6. Take opportunity costs into consideration. I always advise my clients to consider the time value of money when spending it or making investments. This relates to the concept of the opportunity cost of money, which says that money spent on one item negates the opportunity to spend it elsewhere. The concept of opportunity costs is most relevant when it comes to discretionary purchases. The question to ask yourself when making such purchases is: is this item necessary?
If it isn’t that doesn’t mean it shouldn’t be purchased, of course, just that it makes sense to consider the opportunity costs of doing so. Planning for financial independence involves a carefully considered mix of investing for the future and current spending. If making a discretionary purchase takes away from funds you had planned to invest for the future, it makes sense to carefully consider whether the purchase is worth delaying your investment plans.
A good exercise to test how necessary the items you have are is to take a look around your house and make note of all the items that aren’t being put to use. If you find that there are many such items it may indicate that taking some time to consider opportunity costs for further purchases is warranted.
7. Small savings can lead to big rewards. If you consider the number of money people spend on a daily basis buying minor items such as snacks, drinks, or trinkets of one sort or another it might not seem like much money. But even $10 a day, invested wisely over the long term, can amount to a large sum given time and the power of compounding. The earlier you can start saving the more powerfully the effect of compound returns can get to work on your behalf.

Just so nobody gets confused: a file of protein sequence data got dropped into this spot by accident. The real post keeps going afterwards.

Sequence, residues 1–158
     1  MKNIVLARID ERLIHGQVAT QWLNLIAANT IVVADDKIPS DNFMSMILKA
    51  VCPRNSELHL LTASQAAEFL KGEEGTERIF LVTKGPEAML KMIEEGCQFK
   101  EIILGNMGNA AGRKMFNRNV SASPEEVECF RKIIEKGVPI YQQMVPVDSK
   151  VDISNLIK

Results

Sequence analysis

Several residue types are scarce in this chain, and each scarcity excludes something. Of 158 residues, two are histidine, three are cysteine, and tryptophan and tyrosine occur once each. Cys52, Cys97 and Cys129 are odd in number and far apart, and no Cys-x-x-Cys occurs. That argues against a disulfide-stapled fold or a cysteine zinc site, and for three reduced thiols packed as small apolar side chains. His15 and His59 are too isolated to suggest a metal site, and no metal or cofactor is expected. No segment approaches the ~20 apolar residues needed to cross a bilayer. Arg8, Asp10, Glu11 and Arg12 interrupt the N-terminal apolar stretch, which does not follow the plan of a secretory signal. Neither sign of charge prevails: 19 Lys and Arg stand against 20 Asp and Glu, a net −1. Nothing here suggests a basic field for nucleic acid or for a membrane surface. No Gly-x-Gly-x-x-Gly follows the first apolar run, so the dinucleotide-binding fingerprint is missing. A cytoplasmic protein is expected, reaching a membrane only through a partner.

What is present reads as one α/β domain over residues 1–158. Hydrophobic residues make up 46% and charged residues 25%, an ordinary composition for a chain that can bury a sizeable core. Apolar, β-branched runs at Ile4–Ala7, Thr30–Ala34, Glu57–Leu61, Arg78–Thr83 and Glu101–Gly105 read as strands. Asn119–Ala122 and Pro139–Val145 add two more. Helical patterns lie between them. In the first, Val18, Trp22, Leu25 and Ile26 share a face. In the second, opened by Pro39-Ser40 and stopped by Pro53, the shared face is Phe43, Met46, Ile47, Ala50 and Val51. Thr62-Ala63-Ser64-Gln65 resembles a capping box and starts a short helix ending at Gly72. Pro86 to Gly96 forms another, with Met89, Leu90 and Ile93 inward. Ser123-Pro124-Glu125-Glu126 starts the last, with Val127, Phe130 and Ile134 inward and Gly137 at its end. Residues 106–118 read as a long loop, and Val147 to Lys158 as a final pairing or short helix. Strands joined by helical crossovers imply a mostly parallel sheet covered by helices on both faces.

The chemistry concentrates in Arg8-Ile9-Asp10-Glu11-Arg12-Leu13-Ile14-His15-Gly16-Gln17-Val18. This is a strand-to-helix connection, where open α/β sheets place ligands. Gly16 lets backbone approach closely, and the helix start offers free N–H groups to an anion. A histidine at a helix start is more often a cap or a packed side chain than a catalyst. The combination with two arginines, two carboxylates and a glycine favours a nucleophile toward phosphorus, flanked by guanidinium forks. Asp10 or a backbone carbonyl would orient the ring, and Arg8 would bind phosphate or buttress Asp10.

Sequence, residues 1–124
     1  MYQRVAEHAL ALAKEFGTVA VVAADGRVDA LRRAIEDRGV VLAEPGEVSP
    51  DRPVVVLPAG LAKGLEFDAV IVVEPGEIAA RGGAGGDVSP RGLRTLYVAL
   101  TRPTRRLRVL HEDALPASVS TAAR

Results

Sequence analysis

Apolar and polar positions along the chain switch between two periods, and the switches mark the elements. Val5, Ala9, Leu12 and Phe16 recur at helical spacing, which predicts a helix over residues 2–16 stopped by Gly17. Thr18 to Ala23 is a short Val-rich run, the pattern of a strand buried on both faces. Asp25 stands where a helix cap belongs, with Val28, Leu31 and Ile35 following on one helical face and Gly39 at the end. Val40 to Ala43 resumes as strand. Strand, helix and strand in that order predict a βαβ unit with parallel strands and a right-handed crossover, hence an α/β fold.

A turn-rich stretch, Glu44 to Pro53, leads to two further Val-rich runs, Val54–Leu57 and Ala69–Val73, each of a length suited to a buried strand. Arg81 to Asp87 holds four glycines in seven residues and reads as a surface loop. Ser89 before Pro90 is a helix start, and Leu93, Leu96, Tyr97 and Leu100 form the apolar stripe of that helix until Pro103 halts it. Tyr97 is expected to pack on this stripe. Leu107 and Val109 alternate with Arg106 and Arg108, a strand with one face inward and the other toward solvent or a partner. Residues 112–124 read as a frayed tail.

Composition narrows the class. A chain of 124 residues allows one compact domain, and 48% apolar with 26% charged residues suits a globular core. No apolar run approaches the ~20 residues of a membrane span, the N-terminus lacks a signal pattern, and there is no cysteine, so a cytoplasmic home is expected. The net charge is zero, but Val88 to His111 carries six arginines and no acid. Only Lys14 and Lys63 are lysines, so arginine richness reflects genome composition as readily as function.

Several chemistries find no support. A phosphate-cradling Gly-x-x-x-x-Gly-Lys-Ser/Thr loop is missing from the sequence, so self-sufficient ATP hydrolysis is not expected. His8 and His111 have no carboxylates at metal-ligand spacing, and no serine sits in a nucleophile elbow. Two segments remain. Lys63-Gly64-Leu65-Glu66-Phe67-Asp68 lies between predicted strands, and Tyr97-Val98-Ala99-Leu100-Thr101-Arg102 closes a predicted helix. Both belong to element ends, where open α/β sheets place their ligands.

8. Quality of life is more important than the quality of possessions. Between being rich and appearing to be rich, the former is the more substantial goal. Owning nice things is a worthy goal, of course, but the more important goal from the standpoint of quality of life is to have the resources to support yourself and your family, as well as your possessions.
Spending money you can’t afford to keep up with the Joneses doesn’t help achieve your long-term financial goals and is unlikely to make you any more popular with your friends. Rather than letting possessions guide your life, let your life guide what possessions you acquire. If you spend within your means on the possessions you need it gives you the ability to focus your savings on building a nest egg sufficient for retirement or financial independence – goals far more likely to secure happiness than acquiring things that may or not have lasting appeal.